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J Biol Chem. 2009 Jan 9;284(2):728-32. doi: 10.1074/jbc.C800178200. Epub 2008 Nov 19.

Stromal interaction molecule (STIM) 1 and STIM2 calcium sensing regions exhibit distinct unfolding and oligomerization kinetics.

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Division of Signaling Biology, Ontario Cancer Institute and Department of Medical Biophysics, University of Toronto, Toronto, Ontario M5G 1L7, Canada.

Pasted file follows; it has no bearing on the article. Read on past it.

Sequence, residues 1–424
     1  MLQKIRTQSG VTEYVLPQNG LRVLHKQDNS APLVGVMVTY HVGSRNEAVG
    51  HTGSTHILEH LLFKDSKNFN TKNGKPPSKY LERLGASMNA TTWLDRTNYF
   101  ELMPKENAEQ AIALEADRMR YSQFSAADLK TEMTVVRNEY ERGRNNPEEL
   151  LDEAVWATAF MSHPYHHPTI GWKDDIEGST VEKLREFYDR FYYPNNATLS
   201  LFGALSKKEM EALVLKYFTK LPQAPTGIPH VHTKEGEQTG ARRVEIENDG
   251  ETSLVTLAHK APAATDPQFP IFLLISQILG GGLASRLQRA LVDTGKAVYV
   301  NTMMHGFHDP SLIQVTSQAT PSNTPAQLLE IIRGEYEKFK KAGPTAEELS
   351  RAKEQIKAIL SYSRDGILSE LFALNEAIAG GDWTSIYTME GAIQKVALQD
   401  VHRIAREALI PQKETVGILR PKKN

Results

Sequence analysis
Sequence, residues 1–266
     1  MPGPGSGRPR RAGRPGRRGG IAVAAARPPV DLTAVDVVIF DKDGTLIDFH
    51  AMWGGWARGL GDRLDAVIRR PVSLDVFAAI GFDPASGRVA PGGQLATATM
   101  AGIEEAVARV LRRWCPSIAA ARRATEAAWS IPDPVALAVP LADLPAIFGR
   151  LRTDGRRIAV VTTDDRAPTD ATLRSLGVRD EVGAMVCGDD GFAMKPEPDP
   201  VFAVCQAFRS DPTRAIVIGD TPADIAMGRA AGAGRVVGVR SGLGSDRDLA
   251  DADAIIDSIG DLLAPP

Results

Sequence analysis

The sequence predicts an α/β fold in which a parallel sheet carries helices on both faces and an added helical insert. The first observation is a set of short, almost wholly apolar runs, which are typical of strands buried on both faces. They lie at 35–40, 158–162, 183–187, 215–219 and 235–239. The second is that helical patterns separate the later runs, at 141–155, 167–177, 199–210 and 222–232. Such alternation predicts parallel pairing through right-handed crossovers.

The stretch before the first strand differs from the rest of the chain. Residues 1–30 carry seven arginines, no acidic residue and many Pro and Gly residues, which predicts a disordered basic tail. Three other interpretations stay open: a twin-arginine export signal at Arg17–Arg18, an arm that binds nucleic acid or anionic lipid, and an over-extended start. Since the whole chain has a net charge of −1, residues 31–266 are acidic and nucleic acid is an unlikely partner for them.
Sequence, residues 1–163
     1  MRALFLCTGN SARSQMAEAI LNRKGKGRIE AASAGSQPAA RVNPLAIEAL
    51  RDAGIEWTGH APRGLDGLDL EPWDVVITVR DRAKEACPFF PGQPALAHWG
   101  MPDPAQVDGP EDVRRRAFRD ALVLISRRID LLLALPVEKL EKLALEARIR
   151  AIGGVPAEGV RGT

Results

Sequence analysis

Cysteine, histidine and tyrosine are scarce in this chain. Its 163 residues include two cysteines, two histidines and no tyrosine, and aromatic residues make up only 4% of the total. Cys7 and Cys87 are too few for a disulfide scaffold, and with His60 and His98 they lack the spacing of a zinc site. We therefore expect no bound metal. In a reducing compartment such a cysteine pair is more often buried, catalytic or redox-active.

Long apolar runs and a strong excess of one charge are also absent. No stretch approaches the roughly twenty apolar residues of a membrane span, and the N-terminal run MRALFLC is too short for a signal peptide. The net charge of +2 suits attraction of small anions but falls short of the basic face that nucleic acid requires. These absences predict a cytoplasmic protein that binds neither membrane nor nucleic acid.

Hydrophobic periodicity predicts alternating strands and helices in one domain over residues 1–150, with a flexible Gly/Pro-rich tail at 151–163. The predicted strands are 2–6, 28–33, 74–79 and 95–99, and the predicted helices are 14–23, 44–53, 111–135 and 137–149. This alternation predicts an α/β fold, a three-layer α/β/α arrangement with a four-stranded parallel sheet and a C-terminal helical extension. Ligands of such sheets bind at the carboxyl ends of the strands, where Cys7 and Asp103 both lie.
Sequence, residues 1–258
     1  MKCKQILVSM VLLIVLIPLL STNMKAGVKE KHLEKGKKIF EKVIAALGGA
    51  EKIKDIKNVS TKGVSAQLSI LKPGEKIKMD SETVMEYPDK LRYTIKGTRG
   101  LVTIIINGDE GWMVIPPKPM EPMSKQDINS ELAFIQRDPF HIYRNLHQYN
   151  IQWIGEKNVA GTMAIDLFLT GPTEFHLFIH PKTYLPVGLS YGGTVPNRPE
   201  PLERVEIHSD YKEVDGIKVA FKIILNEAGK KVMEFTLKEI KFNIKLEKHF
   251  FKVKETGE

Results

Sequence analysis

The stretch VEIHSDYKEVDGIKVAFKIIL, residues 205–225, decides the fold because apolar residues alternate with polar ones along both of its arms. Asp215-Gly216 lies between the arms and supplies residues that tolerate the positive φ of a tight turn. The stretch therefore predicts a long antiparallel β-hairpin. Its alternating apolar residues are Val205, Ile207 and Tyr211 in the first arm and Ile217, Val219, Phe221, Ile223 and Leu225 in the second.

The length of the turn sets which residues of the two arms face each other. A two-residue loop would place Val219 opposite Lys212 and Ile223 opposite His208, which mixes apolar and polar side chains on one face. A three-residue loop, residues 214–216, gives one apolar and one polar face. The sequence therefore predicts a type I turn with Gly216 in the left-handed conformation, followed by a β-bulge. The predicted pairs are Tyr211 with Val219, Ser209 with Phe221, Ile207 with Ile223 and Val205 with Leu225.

Stromal interaction molecules (STIM) 1 and STIM2 are regulators of store-operated calcium (Ca(2+)) entry as well as basal cytoplasmic Ca(2+) levels in human cells. Despite a high sequence similarity (>65%) and analogous sequence-based domain architectures, STIM1 and STIM2 differentially influence these phenomena. Among all eukaryotes, the endoplasmic reticulum luminal portion of STIM proteins minimally encode EF-hand and sterile alpha-motif (SAM) domains (EF-SAM), which are responsible for sensing changes in Ca(2+) levels and initiating oligomerization. STIM oligomerization is a key induction step in the activation of Ca(2+)-permeable channels on the plasma membrane. Here, we show that the kinetic half-time of conversion from a monomeric to a steady oligomeric state is >70x shorter for STIM1 EF-SAM than STIM2 under similar conditions. Urea-induced rates of unfolding for STIM1 EF-SAM are >3x quicker when compared with STIM2, coherent with partial unfolding-coupled aggregation. Additionally, we demonstrate that the isoform-specific N-terminal residues beyond EF-SAM can influence the stability of this region. We postulate that distinct oligomerization dynamics of STIM isoforms have evolved to adapt to differential roles in Ca(2+) homeostasis and signaling.

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